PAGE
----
My CEO and I were arguing as we drove north along Lake Shore Drive in Chicago. He was concerned that I was too focused on insight at the expense of execution. As he put it “95% of the people in organizations are just pulling on the oars, they don’t need insight.” My response was to ask where did sails come from if everyone was pulling on the oars?
New ideas are scary things to most organizations and to most executives. Managers like order. For all that we praise entrepreneurs in today’s world, we get very uncomfortable when too many ideas are floating about. Most of us are, in fact, pretty comfortable pulling on the oars as long as someone is pointing towards something that looks like a worthy destination. We all point and laugh at the person playing with tying a sheet to an old oar to see what happens. Until the oar turns into a mast and everyone wants one of their own (or says it was obvious all along).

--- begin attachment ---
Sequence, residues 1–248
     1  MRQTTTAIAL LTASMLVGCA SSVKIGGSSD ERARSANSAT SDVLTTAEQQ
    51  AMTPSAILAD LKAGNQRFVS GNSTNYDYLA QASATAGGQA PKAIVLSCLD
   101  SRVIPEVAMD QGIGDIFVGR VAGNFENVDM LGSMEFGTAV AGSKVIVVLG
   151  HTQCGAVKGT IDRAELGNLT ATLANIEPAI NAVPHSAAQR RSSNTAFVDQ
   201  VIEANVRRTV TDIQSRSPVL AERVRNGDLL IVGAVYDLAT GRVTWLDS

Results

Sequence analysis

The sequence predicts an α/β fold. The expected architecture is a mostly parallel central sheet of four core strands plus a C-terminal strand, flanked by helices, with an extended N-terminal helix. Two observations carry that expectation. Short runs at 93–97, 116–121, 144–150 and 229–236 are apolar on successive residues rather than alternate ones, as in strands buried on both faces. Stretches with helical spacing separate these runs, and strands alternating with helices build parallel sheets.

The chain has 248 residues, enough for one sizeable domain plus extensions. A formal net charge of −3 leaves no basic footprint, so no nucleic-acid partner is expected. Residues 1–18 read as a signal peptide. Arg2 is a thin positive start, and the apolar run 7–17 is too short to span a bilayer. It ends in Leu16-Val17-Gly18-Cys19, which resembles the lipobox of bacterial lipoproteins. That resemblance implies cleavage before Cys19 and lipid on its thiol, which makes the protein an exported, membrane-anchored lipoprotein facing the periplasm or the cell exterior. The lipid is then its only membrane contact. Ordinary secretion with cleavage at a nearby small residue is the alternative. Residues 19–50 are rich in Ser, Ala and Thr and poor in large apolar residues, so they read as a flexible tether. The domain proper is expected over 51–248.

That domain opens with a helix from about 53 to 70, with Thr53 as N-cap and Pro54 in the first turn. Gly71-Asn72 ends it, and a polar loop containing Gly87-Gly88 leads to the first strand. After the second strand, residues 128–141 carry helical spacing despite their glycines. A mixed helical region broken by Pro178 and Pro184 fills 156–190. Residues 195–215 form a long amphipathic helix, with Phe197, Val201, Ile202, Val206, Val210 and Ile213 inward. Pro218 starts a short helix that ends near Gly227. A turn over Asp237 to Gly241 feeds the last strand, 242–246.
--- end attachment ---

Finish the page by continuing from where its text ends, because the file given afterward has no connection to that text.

The people who want to play with things to see what might happen are a source of constant anxiety for those who favor order. They are also the source of great rewards. Managing the balance between risk and reward has vexed those in charge for as long as there have been people in charge.
In a slow-changing world, you can manage this problem by carefully limiting and constraining those who like to play with things. Create an R&D lab and wall it off from the day-to-day operations of the business. Set up a new business development group or an innovation lab. Call it what you want. Just keep the crazies under control and out of the control room.
We don’t live in a slow-changing world. We all have to learn to live with a degree of craziness and take ownership of some level of control. There’s no way to simply pull on the oars and let someone else worry about how to steer.